With regard to the banking system, according to the EBA, the levels of capital adequacy of the main EU banking groups improved in the first quarter of 2021, showing a slight improvement in the average fully-loaded CET1 to 15.6%. With regard to monetary conditions, the ECB's fundamental goal is to maintain favorable financial conditions. At its meeting in March, the monetary authority kept the interest rate for the main financing operations, and the interest rates for the marginal lending facility and the deposit facility unchanged at 0.00%, 0.25% and -0.50% respectively. It also announced a significant increase in asset purchases under the Pandemic Emergency Bond Purchase Program (hereinafter "PEPP") for the third quarter of the year. However, BBVA Research considers that the PEPP provision (€1.85 trillion) is large enough to comfortably increase purchases over the coming months without the ECB having to increase its provision.


In terms of GDP growth, the Spanish economy contracted in the first quarter of 2021, as expected. Data for the second quarter point to an economic uptick due to improved health indicators, along with eased restrictions, which have reduced uncertainty and allowed for progress in private spending. Recovery in household consumption is mainly in services and, of these services, in those with a social purpose. Investment in machinery and equipment also continues to perform well. Looking forward, conditions for recovery remain favorable given the speed of vaccination, immunization of the most vulnerable groups and the current demand policies, at the expense of restrictions that may be introduced due to an increasing number of infections associated with new COVID-19 variants. The return of a significant number of foreign visitors during the tourism season will be key. European NGEU funds are also expected to arrive. Both factors should have a positive impact, especially on service exports, durable goods consumption and investment in construction. Growth is therefore expected to stand at 6.5% at year-end and at 7% in 2022. The main risks surrounding this scenario are linked to the pandemic, the impact of the crisis on employment and production capacity, and slow implementation of projects relating to the NGEU program.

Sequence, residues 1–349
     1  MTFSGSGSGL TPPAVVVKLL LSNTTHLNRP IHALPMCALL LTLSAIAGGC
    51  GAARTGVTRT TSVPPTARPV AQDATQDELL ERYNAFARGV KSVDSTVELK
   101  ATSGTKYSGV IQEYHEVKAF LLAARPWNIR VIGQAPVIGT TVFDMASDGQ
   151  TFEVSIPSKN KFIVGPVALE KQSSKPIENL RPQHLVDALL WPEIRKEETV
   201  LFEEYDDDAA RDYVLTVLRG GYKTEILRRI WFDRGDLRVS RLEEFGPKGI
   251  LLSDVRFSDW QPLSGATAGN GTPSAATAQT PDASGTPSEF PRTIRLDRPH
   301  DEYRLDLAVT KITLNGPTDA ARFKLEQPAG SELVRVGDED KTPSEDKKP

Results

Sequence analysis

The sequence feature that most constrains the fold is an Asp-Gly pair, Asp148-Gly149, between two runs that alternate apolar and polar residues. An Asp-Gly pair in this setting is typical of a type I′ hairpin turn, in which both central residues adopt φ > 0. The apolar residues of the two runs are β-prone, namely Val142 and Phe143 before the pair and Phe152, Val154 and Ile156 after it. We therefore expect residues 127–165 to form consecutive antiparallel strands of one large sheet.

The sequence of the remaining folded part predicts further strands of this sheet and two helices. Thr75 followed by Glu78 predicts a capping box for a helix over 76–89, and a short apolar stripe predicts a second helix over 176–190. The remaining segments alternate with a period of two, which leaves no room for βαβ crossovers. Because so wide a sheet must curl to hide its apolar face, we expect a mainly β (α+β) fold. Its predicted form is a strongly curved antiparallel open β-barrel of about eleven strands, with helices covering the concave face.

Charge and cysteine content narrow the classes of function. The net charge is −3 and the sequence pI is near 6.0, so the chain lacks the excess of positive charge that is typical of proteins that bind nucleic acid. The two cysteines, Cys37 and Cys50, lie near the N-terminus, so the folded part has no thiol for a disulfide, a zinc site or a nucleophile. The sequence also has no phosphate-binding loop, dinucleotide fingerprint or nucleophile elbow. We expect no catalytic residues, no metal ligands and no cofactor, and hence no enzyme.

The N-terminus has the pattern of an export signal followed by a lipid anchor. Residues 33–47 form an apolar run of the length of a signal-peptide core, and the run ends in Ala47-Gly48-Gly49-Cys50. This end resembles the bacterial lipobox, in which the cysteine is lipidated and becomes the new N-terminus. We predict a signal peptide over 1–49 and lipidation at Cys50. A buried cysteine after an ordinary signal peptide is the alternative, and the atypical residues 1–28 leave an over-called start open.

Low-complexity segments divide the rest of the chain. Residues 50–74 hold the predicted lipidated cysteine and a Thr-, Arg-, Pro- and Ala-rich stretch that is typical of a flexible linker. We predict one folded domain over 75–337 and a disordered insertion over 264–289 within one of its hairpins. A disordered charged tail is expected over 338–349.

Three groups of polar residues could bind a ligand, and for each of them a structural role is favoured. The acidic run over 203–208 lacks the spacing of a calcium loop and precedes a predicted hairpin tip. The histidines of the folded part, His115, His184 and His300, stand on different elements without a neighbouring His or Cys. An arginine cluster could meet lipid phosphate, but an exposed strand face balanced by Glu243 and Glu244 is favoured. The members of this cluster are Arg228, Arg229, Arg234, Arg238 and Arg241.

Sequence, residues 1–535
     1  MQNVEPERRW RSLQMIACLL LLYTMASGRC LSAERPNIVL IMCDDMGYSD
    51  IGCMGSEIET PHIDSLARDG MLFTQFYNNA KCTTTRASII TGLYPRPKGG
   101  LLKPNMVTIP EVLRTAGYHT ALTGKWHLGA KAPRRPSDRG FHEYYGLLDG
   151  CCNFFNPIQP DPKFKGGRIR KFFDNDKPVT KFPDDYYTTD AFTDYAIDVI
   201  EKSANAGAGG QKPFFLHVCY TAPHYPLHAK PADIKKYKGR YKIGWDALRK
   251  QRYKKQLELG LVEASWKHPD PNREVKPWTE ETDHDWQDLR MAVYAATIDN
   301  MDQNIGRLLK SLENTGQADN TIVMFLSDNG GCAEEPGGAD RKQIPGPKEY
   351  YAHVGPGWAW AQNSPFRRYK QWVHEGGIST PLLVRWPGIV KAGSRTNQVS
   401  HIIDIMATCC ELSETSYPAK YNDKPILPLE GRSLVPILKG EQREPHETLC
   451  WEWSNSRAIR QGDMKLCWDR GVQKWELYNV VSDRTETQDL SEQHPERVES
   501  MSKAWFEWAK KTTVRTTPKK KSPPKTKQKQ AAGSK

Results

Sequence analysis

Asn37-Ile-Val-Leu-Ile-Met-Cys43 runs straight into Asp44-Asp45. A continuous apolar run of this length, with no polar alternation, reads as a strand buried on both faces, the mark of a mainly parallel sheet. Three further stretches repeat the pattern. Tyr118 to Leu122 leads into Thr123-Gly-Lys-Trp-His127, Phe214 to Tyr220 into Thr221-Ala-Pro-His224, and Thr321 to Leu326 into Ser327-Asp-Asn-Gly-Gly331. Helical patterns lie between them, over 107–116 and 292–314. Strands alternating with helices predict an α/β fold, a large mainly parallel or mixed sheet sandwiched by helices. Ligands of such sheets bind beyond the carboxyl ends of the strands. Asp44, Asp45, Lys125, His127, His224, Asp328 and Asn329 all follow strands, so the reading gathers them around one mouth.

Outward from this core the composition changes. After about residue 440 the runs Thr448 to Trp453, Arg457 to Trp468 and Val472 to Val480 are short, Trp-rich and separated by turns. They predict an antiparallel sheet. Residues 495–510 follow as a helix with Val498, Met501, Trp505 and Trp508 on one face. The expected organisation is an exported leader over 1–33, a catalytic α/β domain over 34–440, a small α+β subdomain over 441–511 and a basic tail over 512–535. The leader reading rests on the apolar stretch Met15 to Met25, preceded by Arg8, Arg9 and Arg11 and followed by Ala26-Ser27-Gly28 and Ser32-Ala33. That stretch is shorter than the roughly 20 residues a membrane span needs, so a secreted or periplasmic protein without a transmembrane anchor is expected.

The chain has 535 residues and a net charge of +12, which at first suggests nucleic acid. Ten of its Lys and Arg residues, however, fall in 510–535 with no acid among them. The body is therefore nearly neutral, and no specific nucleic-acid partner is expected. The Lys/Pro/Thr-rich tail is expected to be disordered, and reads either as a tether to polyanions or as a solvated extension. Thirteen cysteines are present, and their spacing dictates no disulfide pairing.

With regards the banking system, according to the latest Bank of Spain data available, the total volume of lending to the private sector remained virtually unchanged in April 2021 compared to the same month in the previous year, after growing 2.6% in 2020 due to the effect of new business lending transactions within the framework of the public guarantee programs implemented by the government to combat COVID-19. Asset quality indicators remain contained (the NPL ratio stood at 4.51% at year-end, and 4.53% in April 2021). Following losses in 2020, the system's profitability re-entered positive ground in the first quarter of 2021, with the system recording a record post-tax profit of €7,296m, of which €4,300m are attributable to negative goodwill from the merger between Caixabank and Bankia. Spanish entities maintain comfortable capital adequacy and liquidity levels, which allow them to weather the current environment.


Economic activity in the first quarter recovered beyond expectations and will allow Mexico's GDP to return to pre-pandemic levels in 2022. The services sector benefited during the first quarter of the year from the lifting of pandemic-related restrictions and increased mobility. Investment also grew higher than initial estimates, with the manufacturing industry having the greatest positive effect thanks to higher growth in the United States. BBVA Research estimates that the Mexican economy will grow 6.3% in 2021 and moderate to 3% in 2022. Inflation was a positive surprise, reflecting the impact of some services reopening, as well as new gains on some goods. These surprises led Banxico to preventively raise its interest rate from 4% to 4.25%, and BBVA Research estimates that the central bank will continue to increase its benchmark interest rate to close out the year at 5% and will continue to act in line with the Fed.